Friday, July 29, 2011

Quotes of the day

... I had no idea I was landing in Heaven.--Chad Ochocinco

No, college athletics is not ABOUT the players. College athletics is FOR the players, but that's a different thing, and that's a distinction we don't often make. College football only works on this grand scale, I believe, because it's about the colleges. The alumni connect to it. The people in the town connect to it. The people in the state connect to it. People are proud of their connection to the University of South Carolina and Clemson, they are inspired by Alabama and Auburn, Penn State and Notre Dame and Stanford, they identify themselves through Missouri and Wisconsin and Florida and Texas A&M. The players matter because they chose those schools, they play for those schools, they win for those schools and they lose for those schools too. Everyone, of course, wants them to be the best players available, and some are willing to cheat the current system to get those players. But soon the players move on, and the love affair continues, just as strong, just as vital. The CONNECTION is what drives college football. Otherwise, without that connection, it's just football that isn't nearly as well-played as the NFL.--Joe Posnanski

This particular Red Sox roster was already risking a no-win situation with its Yankee-like payroll (north of $163 million), Yankee-like winter splurge (spending $296 million and sacrificing two blue-chip prospects and a first-round pick to acquire Carl Crawford and Adrian Gonzalez) and general resemblance to the Yankees (never a good thing). What's less gratifying than following a woefully underachieving team with woefully overpaid players? (Cut to the Mets fans nodding wistfully.) As if that wasn't enough pressure, with the Bruins and Celtics poised for prolonged playoff runs and the always-competitive Patriots looming in September, the Red Sox were threatening to become the Fredo of the Boston sports family for the first time since 1985. ... This could be the most well-rounded Red Sox team since 1975 in terms of star power, breakout guys, star-crossed guys, whipping boys, washed-up guys, up-and-comers, aging vets, out-of-nowhere guys, offensive explosions and just about everything else you'd want from a 162-game season. There's been real entertainment value in every sense, good and bad. Can you put a price on that? (Thinking.) Oh, wait, you actually can. The price was $163 million.--Bill Simmons

As a general rule, it's bad when a player says he couldn't turn down the money. And then laughs.--Bill Barnwell

The only reason we need to lift the debt ceiling, after all, is to pay for spending that Congress has already authorized. If the debt ceiling isn’t raised, we’ll face an absurd scenario in which Congress will have ordered the President to execute two laws that are flatly at odds with each other. If he obeys the debt ceiling, he cannot spend the money that Congress has told him to spend, which is why most government functions will be shut down. Yet if he spends the money as Congress has authorized him to he’ll end up violating the debt ceiling. As it happens, the debt ceiling, which was adopted in 1917, did have a purpose once—it was a way for Congress to keep the President accountable. Congress used to exercise only loose control over the government budget, and the President was able to borrow money and spend money with little legislative oversight. But this hasn’t been the case since 1974 ...--James Surowiecki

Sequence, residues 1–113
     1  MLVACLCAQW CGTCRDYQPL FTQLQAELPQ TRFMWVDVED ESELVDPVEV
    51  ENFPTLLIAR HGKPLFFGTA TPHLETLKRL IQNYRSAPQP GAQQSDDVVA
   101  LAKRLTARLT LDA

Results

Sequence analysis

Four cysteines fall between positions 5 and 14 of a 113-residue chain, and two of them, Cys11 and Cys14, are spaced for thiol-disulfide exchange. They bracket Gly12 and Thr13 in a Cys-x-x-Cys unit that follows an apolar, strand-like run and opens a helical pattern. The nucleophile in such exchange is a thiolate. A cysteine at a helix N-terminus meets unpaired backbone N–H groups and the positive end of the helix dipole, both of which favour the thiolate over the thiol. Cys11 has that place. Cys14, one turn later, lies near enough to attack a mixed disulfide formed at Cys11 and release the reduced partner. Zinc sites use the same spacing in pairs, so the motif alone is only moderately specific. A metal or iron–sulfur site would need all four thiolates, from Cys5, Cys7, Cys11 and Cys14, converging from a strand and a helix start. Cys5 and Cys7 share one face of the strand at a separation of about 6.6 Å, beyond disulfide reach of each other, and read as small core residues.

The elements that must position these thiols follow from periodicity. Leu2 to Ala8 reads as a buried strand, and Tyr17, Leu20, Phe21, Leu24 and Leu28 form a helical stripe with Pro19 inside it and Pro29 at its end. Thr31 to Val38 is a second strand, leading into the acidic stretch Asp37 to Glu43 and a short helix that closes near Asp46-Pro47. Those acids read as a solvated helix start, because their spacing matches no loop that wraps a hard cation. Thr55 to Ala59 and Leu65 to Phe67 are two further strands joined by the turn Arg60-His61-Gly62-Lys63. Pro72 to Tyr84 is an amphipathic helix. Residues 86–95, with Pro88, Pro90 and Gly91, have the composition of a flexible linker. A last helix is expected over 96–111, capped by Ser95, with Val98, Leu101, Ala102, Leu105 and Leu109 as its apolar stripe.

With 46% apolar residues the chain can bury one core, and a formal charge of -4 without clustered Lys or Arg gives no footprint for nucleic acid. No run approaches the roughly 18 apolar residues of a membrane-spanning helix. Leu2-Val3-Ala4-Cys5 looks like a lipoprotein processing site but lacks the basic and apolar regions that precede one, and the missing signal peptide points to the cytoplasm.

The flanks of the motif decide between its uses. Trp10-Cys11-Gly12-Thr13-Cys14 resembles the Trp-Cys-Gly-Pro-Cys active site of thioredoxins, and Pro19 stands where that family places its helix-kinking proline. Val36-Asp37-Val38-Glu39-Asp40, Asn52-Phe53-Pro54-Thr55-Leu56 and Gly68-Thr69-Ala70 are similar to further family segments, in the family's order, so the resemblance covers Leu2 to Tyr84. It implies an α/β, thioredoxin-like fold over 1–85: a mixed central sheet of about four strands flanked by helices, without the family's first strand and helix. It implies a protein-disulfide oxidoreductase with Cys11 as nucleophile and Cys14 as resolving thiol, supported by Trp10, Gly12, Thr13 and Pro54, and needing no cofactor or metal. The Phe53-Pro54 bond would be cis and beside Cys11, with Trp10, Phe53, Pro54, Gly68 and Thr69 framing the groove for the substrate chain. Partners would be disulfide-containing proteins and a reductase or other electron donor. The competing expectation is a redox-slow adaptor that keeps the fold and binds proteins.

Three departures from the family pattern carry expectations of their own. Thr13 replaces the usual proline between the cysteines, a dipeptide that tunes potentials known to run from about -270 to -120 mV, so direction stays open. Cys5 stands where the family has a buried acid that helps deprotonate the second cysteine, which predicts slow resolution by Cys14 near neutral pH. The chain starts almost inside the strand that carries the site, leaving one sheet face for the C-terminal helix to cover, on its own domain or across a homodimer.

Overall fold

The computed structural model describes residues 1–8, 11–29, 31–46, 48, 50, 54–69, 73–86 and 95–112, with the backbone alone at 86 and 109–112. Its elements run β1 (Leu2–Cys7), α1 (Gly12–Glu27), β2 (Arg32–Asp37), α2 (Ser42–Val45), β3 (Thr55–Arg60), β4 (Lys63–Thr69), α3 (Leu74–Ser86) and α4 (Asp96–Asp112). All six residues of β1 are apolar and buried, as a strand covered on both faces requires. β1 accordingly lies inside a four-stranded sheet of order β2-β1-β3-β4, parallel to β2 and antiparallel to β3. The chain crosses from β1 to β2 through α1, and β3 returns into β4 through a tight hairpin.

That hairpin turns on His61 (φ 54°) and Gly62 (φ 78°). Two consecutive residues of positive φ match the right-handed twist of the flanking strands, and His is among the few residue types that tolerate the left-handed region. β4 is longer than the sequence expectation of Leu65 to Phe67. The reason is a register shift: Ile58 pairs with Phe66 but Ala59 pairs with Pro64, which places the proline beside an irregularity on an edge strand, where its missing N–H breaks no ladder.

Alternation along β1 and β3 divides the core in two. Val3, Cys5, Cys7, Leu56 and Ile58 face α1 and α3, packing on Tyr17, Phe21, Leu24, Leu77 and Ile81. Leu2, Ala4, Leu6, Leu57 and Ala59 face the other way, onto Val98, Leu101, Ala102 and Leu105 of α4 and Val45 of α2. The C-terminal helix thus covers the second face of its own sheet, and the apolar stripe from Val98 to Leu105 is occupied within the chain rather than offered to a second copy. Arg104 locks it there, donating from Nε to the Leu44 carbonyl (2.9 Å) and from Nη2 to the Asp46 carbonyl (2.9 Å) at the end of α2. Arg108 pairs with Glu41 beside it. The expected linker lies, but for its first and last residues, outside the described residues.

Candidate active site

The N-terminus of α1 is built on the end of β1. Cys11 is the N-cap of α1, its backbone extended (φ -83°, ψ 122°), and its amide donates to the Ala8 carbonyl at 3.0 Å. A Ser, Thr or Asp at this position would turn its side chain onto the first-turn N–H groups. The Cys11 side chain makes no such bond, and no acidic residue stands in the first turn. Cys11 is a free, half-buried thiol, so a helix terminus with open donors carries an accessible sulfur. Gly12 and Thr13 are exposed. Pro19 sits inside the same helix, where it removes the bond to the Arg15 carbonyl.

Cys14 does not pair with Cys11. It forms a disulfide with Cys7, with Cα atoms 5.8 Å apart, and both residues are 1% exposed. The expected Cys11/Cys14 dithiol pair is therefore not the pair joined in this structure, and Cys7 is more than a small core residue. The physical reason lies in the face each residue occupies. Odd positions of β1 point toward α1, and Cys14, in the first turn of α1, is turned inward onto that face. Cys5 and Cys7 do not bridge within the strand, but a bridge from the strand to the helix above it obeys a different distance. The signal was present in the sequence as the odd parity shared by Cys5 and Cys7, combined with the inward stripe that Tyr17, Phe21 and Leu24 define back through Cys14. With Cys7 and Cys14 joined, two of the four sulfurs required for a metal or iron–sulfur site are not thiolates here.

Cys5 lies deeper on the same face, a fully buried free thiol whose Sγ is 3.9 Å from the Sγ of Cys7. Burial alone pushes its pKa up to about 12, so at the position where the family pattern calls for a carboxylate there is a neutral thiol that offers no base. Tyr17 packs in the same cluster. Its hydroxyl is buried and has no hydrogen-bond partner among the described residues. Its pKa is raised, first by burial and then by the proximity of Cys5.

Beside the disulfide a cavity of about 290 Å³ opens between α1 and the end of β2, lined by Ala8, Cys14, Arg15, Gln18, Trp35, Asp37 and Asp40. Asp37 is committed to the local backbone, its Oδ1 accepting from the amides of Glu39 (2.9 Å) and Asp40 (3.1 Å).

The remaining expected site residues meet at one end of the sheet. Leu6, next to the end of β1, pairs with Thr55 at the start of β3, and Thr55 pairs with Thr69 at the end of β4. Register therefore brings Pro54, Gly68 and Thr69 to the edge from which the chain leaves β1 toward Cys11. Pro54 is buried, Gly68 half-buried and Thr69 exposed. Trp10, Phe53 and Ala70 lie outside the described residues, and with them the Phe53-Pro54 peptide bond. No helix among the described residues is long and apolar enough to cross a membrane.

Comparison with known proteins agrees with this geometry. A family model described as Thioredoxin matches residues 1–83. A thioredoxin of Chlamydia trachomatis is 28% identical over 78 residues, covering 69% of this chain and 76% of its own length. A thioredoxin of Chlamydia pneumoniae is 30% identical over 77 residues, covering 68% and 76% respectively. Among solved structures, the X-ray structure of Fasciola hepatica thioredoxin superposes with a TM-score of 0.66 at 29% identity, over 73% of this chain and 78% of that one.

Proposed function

Some economists advocate further large fiscal stimulus packages in order to compensate for what is considered insufficient aggregate demand for goods and services by consumers and investors. Yet we already had close to a trillion dollar badly designed stimulus package, tax credits for first time homebuyers, a senseless “cash for clunkers” program, and other federal programs that have not had any clear sustained effect on moving the economy forward.  It is obvious now that forecasts by some economists in President Obama’s administration that these programs would reduce unemployment to under 8% were far too optimistic. Although little consensus exists on what in fact was achieved by the major $800 billion stimulus package, I do not know of convincing evidence that it accomplished a lot in reducing unemployment and raising employment. So it is hard to be optimistic that an additional stimulus package would be designed better or work any better, and of course, it would add to an already large fiscal deficit.--Gary Becker

 In effect, today’s standard economic methods make the distant future count for almost nothing. And those who always thought this seemed hopelessly na├»ve turn out to be right.  The important point, Geanakoplos and Farmer emphasize, is that everything about discounting depends on what assumptions you make about how variables fluctuate with time. A fixed interest rate doesn’t work. And neither does the strong exponential discounting to which it leads -- even though most economists continue to use it.--Mark Buchanan

I’m deeply, deeply disappointed with CFL bulbs. I replaced pretty much every regular bulb in the house with CFLs, but they’ve been failing at about the same rate as ordinary long-life bulbs, despite the promises of multi-year service. And I can’t tell any difference in my electric bill. Plus, the Insta-Wife hates the light.--Glenn Reynolds

... in the long run, the India-China relationship will do more to shape our world than virtually anything that happens anywhere else.--Walter Russell Mead

I’m my own worst critic and if I don’t pull off what I think I wanted to do in my head, then I won’t be a happy girl.  I’ve got Tony [Bennett]’s voice right in my ear and that’s so much for me that I can’t look up and see Tony the person as well. I sound so stupid but it’s hard.--Amy Winehouse

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